How many tests are too many?
If you’ve got kids, you know the state rolled out a new testing system last school year called the State of Texas Assessments of Academic Readiness or STAAR. It includes 15 end-of-course exams that high school students must pass in order to graduate. A number State Senator Dan Patrick (R-Houston) wants to cut.
“So we want to reduce the number of tests, the number of testing days,” Sen. Patrick said. “But we want to be sure our students are ready for career and college.”
Patrick is leading the charge to reduce the number of high school STAAR tests from 15 to 5. It’s an idea some parents and teachers cheer, as concerns about overtesting have grown with harder and more frequent tests.
But critics worry: could reducing tests also reduce standards?
“I’ve seen some mis-reporting by the media and others that we are stepping back on rigor. And I argue just the opposite,” Sen. Patrick said.
One example he points to is a new requirement in his bill for all students to take two years of a foreign language, sign language or computer language.
But that’s not enough, according to Drew Scheberle, who focuses on college and career readiness for the Austin Chamber of Commerce.
“Senator Patrick’s bill reduces the English requirement from English 11 down to English 10,” Scheberle said. “Now 11 is bigger than 10. So this is lowering the English requirements.”
The only math tests students would have to pass would be Algebra I, which is taught in 9th grade. And in science, only Biology would be tested. Scheberle said if tests have to be cut, there’s a better way to do it.
He’d like to see at least the higher level courses tested, like 11th grade English instead of 10th grade, and Algebra II instead of Algebra I.
Texas Education Commissioner Michael Williams says he’d support between 6 and 12 tests. But he warns against dropping too many, too quickly.
“I would ask everybody…pump your breaks…slow your roll. We’re only in the 2nd year of STAAR testing,” Williams said.
Williams has already put some STAAR concessions in place. The exams were supposed to count 15 percent toward a student’s final grade. Williams signed an order late last year that kept that from happening.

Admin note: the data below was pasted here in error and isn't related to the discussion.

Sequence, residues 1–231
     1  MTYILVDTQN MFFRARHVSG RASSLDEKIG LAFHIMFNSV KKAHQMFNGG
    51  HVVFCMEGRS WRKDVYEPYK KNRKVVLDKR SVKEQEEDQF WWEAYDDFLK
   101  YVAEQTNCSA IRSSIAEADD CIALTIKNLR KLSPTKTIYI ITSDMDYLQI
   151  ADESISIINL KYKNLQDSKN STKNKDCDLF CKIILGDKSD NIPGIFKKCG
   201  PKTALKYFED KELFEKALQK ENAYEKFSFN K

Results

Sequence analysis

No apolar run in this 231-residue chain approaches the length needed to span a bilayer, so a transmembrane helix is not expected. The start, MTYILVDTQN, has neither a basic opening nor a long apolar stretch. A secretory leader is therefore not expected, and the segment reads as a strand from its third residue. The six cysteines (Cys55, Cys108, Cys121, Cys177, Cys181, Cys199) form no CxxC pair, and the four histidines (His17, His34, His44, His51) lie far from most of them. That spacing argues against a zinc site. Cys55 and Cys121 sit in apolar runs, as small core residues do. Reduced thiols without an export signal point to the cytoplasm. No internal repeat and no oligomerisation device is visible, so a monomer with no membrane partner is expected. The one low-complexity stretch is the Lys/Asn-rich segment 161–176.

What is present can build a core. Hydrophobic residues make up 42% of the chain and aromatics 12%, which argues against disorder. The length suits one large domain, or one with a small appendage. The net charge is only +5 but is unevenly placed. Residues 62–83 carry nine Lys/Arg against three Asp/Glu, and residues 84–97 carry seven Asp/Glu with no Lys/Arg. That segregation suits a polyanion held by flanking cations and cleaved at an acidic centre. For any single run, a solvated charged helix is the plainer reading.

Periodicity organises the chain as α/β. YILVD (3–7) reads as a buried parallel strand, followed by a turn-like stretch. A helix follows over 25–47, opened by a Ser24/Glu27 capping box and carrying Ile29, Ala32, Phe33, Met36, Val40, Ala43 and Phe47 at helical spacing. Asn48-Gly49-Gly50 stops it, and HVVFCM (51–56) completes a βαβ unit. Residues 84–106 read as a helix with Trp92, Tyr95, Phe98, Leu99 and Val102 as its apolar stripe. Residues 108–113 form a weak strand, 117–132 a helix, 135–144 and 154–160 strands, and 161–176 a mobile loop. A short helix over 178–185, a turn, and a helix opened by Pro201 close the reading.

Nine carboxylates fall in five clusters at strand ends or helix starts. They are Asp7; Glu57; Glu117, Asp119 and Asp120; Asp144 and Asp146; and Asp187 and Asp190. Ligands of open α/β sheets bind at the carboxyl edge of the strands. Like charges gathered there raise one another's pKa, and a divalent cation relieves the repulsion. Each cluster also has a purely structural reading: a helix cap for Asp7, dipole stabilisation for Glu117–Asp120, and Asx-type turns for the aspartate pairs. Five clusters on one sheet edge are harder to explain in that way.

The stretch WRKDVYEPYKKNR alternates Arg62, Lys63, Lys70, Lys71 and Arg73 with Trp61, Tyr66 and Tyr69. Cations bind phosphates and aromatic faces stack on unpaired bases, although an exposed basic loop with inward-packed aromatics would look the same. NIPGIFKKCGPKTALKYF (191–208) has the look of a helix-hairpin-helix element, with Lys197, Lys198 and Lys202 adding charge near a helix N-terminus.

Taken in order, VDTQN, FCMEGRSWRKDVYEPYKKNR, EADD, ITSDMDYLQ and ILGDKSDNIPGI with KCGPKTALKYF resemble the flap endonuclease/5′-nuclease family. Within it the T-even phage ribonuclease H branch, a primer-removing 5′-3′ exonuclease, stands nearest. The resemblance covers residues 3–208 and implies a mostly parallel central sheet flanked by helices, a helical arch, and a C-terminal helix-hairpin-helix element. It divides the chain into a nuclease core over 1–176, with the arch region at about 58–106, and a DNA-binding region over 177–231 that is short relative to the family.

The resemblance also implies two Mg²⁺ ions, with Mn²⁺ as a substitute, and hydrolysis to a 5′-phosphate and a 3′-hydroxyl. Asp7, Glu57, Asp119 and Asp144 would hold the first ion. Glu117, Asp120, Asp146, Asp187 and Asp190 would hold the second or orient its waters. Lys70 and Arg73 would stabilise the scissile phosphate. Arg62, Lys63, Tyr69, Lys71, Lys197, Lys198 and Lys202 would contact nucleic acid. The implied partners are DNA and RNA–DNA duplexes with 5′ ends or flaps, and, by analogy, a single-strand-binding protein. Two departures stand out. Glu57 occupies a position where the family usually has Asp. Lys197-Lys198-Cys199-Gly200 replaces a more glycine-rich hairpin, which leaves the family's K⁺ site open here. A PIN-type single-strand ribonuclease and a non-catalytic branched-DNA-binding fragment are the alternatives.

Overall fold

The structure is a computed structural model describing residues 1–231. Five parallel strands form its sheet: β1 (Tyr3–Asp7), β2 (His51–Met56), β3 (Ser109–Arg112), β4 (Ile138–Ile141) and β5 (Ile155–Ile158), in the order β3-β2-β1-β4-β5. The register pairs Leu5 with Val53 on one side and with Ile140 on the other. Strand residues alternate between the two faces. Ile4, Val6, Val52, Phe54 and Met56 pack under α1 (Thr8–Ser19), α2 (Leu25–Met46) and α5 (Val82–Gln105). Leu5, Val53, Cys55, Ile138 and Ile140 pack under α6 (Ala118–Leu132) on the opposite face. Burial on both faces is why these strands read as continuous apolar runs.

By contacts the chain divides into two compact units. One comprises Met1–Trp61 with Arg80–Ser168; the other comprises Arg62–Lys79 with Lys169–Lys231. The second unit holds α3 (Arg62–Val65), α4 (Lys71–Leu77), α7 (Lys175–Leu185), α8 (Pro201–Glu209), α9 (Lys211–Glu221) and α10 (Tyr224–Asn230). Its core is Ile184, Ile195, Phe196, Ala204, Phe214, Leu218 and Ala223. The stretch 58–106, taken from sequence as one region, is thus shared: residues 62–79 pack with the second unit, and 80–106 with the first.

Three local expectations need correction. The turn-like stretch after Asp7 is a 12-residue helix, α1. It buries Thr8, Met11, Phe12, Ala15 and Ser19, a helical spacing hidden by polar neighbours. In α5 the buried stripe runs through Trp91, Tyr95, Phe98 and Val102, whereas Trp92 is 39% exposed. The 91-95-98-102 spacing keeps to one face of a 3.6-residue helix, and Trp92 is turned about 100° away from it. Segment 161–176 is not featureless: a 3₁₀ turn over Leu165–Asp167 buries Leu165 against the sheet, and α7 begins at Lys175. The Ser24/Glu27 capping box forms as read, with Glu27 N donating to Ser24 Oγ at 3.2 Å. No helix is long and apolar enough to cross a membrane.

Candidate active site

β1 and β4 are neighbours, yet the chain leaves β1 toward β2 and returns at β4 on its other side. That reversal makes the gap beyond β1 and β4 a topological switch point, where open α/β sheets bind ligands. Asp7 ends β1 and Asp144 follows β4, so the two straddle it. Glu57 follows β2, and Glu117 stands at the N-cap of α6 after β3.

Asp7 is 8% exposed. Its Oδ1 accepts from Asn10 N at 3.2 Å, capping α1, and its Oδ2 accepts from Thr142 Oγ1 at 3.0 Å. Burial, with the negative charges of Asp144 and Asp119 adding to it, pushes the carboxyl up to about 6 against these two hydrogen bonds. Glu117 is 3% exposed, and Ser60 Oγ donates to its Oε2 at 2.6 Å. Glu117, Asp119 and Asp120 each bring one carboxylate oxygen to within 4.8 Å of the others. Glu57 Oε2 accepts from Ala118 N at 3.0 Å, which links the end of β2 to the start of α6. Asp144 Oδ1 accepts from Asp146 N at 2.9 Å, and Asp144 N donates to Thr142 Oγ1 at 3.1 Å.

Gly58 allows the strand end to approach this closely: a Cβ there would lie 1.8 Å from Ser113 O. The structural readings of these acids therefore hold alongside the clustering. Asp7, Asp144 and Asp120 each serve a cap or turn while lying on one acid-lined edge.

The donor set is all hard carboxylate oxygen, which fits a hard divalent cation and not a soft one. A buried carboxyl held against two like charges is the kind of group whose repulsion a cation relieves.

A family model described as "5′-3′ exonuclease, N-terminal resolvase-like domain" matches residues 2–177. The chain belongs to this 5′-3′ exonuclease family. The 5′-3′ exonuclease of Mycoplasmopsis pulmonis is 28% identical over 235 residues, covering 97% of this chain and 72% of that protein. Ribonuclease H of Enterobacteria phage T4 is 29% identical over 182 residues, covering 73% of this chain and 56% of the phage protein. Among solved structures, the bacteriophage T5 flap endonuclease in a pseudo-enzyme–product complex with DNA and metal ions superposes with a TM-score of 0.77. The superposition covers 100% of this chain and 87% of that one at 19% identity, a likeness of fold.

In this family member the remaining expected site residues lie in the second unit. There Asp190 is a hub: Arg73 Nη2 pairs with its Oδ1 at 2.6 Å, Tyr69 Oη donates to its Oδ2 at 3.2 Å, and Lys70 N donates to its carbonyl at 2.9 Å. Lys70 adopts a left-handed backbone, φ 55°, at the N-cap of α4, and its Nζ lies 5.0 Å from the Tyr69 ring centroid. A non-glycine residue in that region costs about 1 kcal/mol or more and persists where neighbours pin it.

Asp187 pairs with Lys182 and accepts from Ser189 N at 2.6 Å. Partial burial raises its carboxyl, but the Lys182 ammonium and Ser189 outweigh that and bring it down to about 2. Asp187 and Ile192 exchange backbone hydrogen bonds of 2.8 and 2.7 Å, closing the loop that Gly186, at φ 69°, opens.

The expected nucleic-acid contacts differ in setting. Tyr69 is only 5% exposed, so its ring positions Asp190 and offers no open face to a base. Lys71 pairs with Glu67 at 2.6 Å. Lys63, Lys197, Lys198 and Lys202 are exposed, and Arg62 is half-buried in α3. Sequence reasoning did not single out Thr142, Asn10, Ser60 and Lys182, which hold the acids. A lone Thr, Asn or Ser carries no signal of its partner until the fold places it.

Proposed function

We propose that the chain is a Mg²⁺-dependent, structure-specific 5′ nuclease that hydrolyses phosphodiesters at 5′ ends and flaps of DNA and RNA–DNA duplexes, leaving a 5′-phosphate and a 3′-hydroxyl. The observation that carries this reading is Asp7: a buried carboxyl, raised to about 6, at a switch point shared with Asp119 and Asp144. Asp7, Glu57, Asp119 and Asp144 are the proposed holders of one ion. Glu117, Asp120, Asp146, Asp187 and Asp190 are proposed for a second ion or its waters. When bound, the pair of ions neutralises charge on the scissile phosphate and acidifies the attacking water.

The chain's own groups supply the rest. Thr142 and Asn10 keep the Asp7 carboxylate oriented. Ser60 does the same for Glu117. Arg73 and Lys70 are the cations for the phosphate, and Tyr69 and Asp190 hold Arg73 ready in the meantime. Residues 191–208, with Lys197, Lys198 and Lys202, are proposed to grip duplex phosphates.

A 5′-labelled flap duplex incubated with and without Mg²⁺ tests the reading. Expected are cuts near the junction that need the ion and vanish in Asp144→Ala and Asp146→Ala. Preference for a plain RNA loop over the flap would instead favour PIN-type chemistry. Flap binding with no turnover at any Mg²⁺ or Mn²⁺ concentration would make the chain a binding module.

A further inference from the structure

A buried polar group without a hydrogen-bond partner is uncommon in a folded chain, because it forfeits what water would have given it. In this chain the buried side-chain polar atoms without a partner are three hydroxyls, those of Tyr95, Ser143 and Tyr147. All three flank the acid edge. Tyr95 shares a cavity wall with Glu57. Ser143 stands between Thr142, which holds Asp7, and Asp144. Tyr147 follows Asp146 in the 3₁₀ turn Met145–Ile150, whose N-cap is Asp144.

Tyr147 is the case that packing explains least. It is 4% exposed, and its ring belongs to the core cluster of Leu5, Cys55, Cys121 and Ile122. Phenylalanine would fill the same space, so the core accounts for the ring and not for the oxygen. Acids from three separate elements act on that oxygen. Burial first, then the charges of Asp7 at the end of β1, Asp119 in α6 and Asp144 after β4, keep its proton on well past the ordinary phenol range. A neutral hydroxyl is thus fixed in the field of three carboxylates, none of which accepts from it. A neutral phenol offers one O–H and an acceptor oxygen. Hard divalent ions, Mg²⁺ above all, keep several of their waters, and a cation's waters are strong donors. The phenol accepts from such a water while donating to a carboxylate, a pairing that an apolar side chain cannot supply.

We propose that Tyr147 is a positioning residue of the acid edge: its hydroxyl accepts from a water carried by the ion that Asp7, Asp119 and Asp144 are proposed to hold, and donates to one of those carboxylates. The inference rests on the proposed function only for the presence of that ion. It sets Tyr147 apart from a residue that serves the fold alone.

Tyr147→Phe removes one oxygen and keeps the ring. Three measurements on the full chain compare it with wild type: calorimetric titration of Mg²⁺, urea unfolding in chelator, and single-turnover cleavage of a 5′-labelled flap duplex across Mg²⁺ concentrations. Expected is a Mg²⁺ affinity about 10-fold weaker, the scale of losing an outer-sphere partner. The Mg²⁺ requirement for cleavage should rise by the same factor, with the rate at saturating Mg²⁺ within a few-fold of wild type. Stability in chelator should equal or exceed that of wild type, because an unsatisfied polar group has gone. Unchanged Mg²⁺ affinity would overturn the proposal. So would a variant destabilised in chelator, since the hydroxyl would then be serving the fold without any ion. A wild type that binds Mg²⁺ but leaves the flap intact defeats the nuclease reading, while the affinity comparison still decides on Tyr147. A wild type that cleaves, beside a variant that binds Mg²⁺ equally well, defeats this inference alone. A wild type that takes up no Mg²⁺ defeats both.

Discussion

Supporting STAAR with Money
One thing that complicates the fight over what to do with school testing: Will the state fund it?
While rolling out a harder test in 2011, the state not only cut overall instructional dollars but specifically lawmakers cut the money schools use to help tutor students who fail STAAR tests. It's a move that goes against the education philosophy of former Florida governor and rumored 2016 GOP Presidential candidate Jeb Bush.
“One thing that’s important in a journey of reform is that you fund the reforms 1st and everything else 2nd,” Bush told lawmakers at a hearing a few weeks ago at the Texas Capitol.
Bush delighted Democrats on the panel by also pushing the idea of putting more money into education.
“To me that is essential. You want to create strategies of success. You don’t want to create continued failure,” Bush said.
More money could be on the way. You may recall a Travis County judge ruled last month that the state is not adequately funding public education. He suggested it might take another $10 billion a year to do the trick. But the Austin Chamber’s Drew Scheberle said current legislation may cut that need.
“If Senator Patrick’s bill is successful, and they lower the expectations below what they are even under the TAKS test, it may suggest that schools need even less month then they have today to meet lower standards,” Scheberle said.
A cynical view, but last session’s $5.4 billion in education cuts and the current efforts to restore only about $1.5 billion even with more money in the bank has educators feeling pretty cynical these days.
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